A small green sign inscribed with a white "100" stands beside the highway near a chain motel in Key Largo, Fla. Mile marker "0" is 100 miles south at the end of U.S. Rte. 1 in Key West. Between the two markers is an unusual stretch of road, an island-hopping series of bridges offering spectacular views of the sea.
Some people bicycle this 100-mile section, but most drive it. I decided to walk. If you have plenty of time, it's an unusual and interesting way to get to Key West.
The route is called the Overseas Highway, which links the 42 Keys that separate the waters of the Gulf of Mexico and the Caribbean Sea. The first day I covered 19 miles, but the rest of the way I averaged 13 miles a day, stopping at motels in the evening.
If there was any problem, it was the traffic. It snarls at you, particularly toward the end of the day. Trucks, uncountable vans, scores of Mercedes -- all trying to reach some warm-weather goal in the South -- tumbled down the highway at widely disparate speeds.
The original Overseas Highway, which was finished in 1938, recently has been rebuilt, but some of the old road still survives, paralleling the new road. Its pitted surface discourages cars, but it's fine for walkers and bikers and a welcome change from the traffic.
Some old bridges are still in place, too. That's fortunate because to get to Key West you must cross 40 spans, ranging in length from 37 feet to 35,716 feet (Seven-Mile Bridge). The new bridges have separate lanes for walkers and bikers, but the older bridges, which are closed to cars, are more pleasant. And there's always the opportunity to stop and chat with the fishermen who line them.
Along the way, I saw roseate spoonbills in a small mangroverimmed lake not 30 feet from the highway. And in the bike lane at the apex of Seven-Mile Bridge, while unseeing drivers zipped by at 60 mph, I paused for great views of the ocean to the east and Florida Bay to the west. To the north and south, the strand of islands that form the Keys glistened in the morning sun.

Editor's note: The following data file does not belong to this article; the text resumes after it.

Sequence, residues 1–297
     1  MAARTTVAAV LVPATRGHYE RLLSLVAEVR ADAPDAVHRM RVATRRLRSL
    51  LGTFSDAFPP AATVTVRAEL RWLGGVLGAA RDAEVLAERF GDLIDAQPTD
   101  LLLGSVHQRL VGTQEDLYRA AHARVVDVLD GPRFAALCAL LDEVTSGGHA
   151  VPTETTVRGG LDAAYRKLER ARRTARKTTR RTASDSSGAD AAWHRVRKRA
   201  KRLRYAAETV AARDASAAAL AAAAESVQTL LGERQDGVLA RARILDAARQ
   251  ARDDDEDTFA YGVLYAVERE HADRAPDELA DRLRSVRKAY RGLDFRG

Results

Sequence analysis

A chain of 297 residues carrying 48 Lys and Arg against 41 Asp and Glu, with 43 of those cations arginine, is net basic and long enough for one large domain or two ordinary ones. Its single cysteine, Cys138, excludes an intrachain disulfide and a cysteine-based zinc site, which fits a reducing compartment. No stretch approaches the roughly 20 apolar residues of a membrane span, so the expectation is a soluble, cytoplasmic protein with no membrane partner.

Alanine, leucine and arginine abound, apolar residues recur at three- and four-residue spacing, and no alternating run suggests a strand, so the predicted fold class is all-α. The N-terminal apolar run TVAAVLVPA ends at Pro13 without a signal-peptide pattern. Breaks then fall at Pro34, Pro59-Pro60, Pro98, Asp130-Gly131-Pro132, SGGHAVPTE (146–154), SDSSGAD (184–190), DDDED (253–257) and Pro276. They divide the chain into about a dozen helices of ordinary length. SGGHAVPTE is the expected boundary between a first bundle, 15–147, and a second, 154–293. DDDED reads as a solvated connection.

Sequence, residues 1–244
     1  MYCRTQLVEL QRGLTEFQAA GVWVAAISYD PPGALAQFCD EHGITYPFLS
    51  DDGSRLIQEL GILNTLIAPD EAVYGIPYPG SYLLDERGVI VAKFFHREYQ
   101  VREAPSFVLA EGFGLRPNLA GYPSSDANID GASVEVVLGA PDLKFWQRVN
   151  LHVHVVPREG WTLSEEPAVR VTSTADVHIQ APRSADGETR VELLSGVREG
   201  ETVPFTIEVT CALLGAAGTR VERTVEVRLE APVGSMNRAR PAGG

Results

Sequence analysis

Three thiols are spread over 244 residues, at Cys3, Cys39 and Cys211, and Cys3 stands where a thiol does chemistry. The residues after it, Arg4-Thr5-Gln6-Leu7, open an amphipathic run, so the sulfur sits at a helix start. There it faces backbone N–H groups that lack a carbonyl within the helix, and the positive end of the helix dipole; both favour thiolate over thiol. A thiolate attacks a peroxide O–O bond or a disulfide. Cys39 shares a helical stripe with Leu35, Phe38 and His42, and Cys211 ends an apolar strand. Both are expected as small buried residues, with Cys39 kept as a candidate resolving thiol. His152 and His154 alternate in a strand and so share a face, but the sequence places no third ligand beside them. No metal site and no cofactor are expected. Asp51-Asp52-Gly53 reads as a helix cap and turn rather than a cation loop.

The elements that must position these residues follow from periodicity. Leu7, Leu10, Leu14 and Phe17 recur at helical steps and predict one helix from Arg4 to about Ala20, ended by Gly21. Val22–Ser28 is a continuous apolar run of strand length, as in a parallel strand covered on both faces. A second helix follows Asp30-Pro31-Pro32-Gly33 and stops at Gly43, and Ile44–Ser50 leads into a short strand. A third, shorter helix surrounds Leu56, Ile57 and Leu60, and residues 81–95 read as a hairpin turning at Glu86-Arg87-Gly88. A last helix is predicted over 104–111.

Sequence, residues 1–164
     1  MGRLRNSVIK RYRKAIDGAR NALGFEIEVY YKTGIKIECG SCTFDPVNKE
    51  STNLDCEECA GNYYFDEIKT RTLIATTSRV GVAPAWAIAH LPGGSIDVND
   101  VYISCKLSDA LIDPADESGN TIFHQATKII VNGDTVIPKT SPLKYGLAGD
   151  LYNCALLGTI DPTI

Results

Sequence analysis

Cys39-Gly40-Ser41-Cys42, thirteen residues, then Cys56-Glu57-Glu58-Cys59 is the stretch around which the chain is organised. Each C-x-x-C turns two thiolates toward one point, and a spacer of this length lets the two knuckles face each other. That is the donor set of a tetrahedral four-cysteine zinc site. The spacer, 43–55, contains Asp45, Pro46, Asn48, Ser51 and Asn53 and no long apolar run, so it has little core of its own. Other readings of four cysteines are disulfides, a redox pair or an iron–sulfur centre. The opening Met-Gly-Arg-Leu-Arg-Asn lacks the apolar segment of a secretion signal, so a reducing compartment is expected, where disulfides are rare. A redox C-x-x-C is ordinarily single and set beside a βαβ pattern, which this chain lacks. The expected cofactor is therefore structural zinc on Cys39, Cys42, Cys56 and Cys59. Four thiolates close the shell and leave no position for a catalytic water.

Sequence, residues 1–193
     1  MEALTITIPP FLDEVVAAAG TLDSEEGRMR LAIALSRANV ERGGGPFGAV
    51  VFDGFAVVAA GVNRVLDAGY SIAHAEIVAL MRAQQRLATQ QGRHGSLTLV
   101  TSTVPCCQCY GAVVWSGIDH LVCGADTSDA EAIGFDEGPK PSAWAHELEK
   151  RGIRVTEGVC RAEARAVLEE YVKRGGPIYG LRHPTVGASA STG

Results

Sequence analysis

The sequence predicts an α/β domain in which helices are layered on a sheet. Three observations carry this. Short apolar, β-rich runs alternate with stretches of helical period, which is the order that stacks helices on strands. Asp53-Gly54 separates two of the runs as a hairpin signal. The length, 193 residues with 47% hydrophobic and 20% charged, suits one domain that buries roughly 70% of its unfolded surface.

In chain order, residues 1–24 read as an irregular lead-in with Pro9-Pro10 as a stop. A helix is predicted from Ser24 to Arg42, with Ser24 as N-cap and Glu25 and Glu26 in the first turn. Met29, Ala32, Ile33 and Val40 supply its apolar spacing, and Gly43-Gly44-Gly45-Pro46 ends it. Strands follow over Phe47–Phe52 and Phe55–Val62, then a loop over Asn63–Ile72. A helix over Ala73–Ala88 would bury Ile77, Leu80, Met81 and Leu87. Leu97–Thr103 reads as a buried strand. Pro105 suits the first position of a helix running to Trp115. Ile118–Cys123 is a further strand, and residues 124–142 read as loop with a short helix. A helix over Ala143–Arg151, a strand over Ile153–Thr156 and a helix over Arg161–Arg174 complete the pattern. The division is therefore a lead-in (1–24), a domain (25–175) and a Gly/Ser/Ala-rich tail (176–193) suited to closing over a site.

Then, there were the ospreys. Big birds with wingspans of five feet or more, they have white-striped heads, white breasts and gray-brown backs and wings. I saw more than 20 nests with ospreys in or near them. All were close to the highway, for these fish-eating hawks, in the Keys at least, prefer to build their huge, crude nests on telephone poles.
Ospreys ignore cars but emit a whistle that gets louder and higher if you approach on foot. Their friendly scolding kept me company during my walk -- as did the other birds. Kingfishers, with their belligerent-blue-jay silhouettes, sparrow hawks and cormorants jockeyed for space on electric lines. Egrets, ibis and great blue and little blue herons waded in shallow bays, lakes and canals.
I also saw Louisiana herons, dozens of cattle egrets and one great white heron. Pelicans, terns, turkey vultures and frigate birds filled the sky. I counted more than 25 species, and I am, at best, an amateur birder.
From the bridges, I enjoyed watching the fish. Dark, looming shapes swam in clear aquamarine waters: sharks, alligator gar, bonefish and rays.
You can't walk for long near this water without wanting to get in it. Fortunately, dive shops are as common along the highway as mile markers. For about $20, they will take you to a nearby reef for a half day of snorkeling or scuba diving.
In the Keys, two coral reefs, Key Largo and Looe Key, have been designated National Marine Sanctuaries. Friends recommended Looe Key, not a key at all but a reef seven miles south of Big Pine Key, where I joined Underwater Inc. for a half day of snorkeling.
The broad coral fingers of Looe Key extend from a central, shallow reef. I saw colorful reef fish, one wreck and -- in the sand spaces between coral fingers -- large numbers of barracuda. (Groups of 15 were common.) Curious, they would drift up to inspect me as I floated over; scared, I would rapidly flutter kick to the next coral finger though I have been told by countless divers that barracuda are harmless.
Afoot again, I reached Sugarloaf Key. On it, a few hundred yards north of Sugarloaf Lodge, stands an engaging monument to the 1920s. After World War I, a developer built a gambling casino, guest lodges and a large restaurant on the key, all of which are now gone. The only remnant is a cedar-shingled tower, one of two he built to house the bats he imported to eat the mosquitoes that plagued the island.
It's 17 miles from Sugarloaf to Key West. I made it in one day. I walked down Roosevelt Boulevard, which changes to Truman Avenue, turning right on Duval Street to Key West's Old Town. I dodged the tourists in front of restaurants, art galleries and trendy boutiques to find Mile Marker "0" at the waterfront on Mallory Square, the end of the road.
INFORMATION: Florida Upper Keys Chamber of Commerce, Key Largo, Fla. 33057; Florida Lower Keys Chamber of Commerce, Big Pine Key, Fla. 33050; the Greater Key West Chamber of Commerce, Key West, Fla. 33040.